How big a hard drive do I need?

Seagate Barracuda XT hard drive
Companies like Seagate are offering increasingly larger capacity hard drives to consumers. But do you really need so much space?
Courtesy Seagate

These days, hard drives aren't just getting larger because they can; they're also expanding because even casual technology users demand huge swaths of storage. Consider that we put our entire music collections on our computers, or downloaded television episodes. Every work or life document -- including (sometimes several) life histories' worth of photos -- is stored on our laptop or PC.

It's no wonder, then, that Seagate just released a hard drive with 1 terabyte (yes, that's a trillion bytes) per square inch. Consider that a regular old MacBook Air laptop has 120 gigabytes of hard drive storage and you'll start to see how very impressive it is that Seagate's drive has the potential of a 60-terabyte capacity by the end of the decade.


But let's also remember that less than 20 short years ago in the mid-'90s, Mac was offering Performas with 120 or 160MB hard drives, which would hold about 50 songs. Period.

All this being said, is it worth is to get a hard drive that's gigantic so you can keep it into eternity? Or should you skew small and upgrade as you go?

First off, definitely don't go buying a computer with the biggest hard drive that's currently available. The first computer to have a 1GB hard drive was $25,000, after all, and that was in 1985. Now, even your smartphone probably has at least a 16GB hard drive.

Naturally, what you put on your computer will affect how your hard drive needs to expand. If you're working with a lot of graphics programs like Photoshop or InDesign, you're going to take up a lot more space than, say, my mother, who's primarily using a word processor to make grocery lists.

So let's delve into what we're using our hard drives for -- and just how big they should be.


Is your hard drive gigantic, or are you just happy to see MB?

We should point out that we're speaking mostly of hard-drive capacity here. If you were under the impression that hard drives have more to them than just storage, you're correct. Just for a quick rundown, a disk-type hard drive has magnetic disks that spin really fast to record and store data. These are the most widely available hard drives, but they're also the ones you need to watch out for if you drop your laptop (get those spinning disks out of whack and your hard drive follows).

Lately, solid-state drives (SSD) are the Big Thing (Apple has embraced them). Instead of spinning disks, they use the same technology as flash drives for storage. This means that jostling won't hurt them, and you won't get that "laptop burn" when you sit the computer on your knees -- no spinning means no heat generated (not to mention no noise and less power consumed). These are also more expensive, so you'll probably pay a pretty penny for comparable capacity.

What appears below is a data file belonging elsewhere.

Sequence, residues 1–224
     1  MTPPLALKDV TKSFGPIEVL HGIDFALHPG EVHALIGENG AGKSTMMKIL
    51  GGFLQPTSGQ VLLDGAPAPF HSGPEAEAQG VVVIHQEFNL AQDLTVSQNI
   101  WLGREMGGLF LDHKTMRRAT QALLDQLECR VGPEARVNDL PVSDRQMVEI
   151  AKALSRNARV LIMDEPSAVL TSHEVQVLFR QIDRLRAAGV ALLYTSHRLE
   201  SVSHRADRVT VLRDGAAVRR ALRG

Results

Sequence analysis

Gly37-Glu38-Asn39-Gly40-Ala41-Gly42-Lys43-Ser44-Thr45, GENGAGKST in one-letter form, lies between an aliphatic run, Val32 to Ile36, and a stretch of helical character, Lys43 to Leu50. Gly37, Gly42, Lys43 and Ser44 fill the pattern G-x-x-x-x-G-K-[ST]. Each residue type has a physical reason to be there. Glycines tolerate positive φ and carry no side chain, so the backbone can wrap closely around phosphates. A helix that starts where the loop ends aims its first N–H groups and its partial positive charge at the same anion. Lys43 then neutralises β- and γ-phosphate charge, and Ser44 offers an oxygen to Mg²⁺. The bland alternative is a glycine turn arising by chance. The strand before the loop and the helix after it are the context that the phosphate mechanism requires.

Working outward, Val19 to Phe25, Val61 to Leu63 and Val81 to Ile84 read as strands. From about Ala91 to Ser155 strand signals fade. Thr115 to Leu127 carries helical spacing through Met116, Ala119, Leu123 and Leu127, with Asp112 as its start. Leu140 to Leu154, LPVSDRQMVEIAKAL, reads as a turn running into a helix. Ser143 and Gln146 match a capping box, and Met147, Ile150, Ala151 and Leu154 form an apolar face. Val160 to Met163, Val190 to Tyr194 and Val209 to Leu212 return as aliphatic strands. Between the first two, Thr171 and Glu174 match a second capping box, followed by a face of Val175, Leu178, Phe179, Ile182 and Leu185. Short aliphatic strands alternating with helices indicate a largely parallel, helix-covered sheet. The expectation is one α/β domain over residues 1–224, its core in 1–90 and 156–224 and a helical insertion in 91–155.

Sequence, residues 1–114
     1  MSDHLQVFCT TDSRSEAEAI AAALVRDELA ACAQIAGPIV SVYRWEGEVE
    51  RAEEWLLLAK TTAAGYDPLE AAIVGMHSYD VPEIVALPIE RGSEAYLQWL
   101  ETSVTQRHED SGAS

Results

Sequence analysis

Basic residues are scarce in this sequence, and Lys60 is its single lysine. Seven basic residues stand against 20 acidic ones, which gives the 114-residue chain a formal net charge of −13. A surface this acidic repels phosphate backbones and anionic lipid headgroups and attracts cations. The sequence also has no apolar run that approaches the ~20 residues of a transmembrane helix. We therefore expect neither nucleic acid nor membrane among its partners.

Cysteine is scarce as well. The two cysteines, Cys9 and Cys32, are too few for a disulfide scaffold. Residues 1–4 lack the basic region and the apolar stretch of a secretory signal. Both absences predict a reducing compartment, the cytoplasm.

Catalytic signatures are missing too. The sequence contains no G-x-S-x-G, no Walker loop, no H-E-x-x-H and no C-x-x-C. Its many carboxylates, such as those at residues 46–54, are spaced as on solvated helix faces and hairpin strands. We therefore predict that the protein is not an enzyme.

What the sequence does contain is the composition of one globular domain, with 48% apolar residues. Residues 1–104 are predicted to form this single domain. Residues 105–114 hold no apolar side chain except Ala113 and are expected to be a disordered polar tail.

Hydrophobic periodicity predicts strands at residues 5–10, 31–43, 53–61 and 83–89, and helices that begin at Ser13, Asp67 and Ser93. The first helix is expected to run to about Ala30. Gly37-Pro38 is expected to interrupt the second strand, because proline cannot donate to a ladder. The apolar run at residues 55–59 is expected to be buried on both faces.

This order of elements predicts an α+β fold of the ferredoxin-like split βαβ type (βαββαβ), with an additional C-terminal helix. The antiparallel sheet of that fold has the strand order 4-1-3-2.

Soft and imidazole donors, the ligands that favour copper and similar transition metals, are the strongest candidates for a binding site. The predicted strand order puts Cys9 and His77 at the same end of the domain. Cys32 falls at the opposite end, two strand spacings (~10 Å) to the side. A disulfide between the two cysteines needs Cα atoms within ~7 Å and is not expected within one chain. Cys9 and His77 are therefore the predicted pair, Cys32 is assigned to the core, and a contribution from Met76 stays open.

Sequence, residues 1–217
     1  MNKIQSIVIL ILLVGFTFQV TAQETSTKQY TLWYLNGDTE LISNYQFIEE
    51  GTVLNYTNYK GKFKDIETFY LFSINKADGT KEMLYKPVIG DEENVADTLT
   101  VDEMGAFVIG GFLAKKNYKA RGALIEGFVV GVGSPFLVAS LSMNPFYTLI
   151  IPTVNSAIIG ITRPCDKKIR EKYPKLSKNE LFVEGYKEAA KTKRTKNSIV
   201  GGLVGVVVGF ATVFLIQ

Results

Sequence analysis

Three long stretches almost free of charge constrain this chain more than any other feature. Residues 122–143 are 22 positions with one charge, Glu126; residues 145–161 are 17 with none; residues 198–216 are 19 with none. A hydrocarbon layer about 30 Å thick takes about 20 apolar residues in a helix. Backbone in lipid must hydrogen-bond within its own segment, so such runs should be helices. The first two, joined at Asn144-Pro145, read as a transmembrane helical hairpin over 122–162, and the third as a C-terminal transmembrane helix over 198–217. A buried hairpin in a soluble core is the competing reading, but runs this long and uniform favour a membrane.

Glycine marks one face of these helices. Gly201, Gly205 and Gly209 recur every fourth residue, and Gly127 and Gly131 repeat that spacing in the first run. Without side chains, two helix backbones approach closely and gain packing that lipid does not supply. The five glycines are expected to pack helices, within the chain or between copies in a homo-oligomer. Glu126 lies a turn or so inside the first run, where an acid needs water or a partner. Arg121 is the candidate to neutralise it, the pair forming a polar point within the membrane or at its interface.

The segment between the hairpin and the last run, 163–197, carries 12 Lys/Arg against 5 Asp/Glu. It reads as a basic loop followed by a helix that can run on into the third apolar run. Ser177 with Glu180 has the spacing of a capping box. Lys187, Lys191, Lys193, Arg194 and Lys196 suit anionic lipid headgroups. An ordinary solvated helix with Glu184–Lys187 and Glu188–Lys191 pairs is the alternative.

Now, let's be clear about a few things that our hard drive will not affect. No matter how much storage capacity our hard drive has, our computer will not run faster. That means if you have 1TB of space and aren't using any of it, your computer will run just as well as if you had 1 TB of space and were using pretty much all of it. (And in this instance, size doesn't matter: If your computer had 1GB of hard-drive space, you wouldn't be faster or slower.)

So how big should your hard drive be? Unfortunately, one size doesn't fit all. Anywhere from 120-700 is standard for most laptops and will be sufficient for anyone who is a run-of-the-mill user. Even for those who store 30 MB photographs like so many paperclips, remember how very useful those external hard drives are. Instead of buying an extremely expensive hard drive to fit every single digital photo you have of pretty autumn leaves and cute calico cats, consider purchasing some inexpensive external storage for parts of your collection. The savings is two-fold; not only are you saving on a hard drive, but you're also protecting your library by keeping it in more than one location.


Author's Note

As someone who recently decided to upgrade my hard-drive capacity when buying a laptop, I struggled to justify just how much of the space I use versus how much I wanted. With the ubiquity -- and incredible capacity -- of external hard drives, it seems to me that you should always pay for what you need and only bump up the number ever-so-incrementally for future use. The rest can go on an external hard drive for safe-keeping.

Related Articles


  • Apple Inc. "Good to know: Storage."2012. (Sept. 13, 2012)
  • BetaForce PC Blog. "From 50 GB to 2TB How Big of a Hard Drive Do I Need?" Jan. 16, 2012. (Sept. 13, 2012)
  • Evangelist, Mike. "A One Gigabyte Hard Drive for $25,000." Writers Block Live. Nov. 7, 2005. (Sept. 13, 2012)
  • "Apple Macintosh Performa 550 Specs." 2012. (Sept. 13, 2012)
  • Farrance, Rex. "Timeline: 50 Years of Hard Drives." PC World. Sept. 13, 2006. (Sept. 13, 2012)
  • Kitchen Table Computers. "Choosing a Hard Drive." March 7, 2012. (Sept. 13, 2012)
  • Miller, Michael J. "Hard Drive Technology: Lots of Storage in a Tiny Space." PCMag. July 12, 2011. (Sept. 13, 2012)
  • Ngo, Dong. "Seagate reaches 1TB per square inch, hard drive to reach 60 TB capacity." CNET. March 19, 2012. (Sept. 13, 2012)
  • Ngo, Dong. "WD breaks capacity limit with 3TB hard drive." CNET. Oct 19, 2010. (Sept. 13, 2012)
  • Steers, Kirk. "Hardware Tips: Get the Hard Drive That's Right for You and Your PC." PC World. April 27, 2004. (Sept. 13, 2012)


Frequently Answered Questions

Is 1TB of hard drive a lot?
1TB of storage is incredibly useful for anyone who wants to store a lot of files. It is not quite as useful for someone who only needs to store a few files. The average computer user will need 1TB of storage if they want to have a lot of files, but not everyone needs that much storage.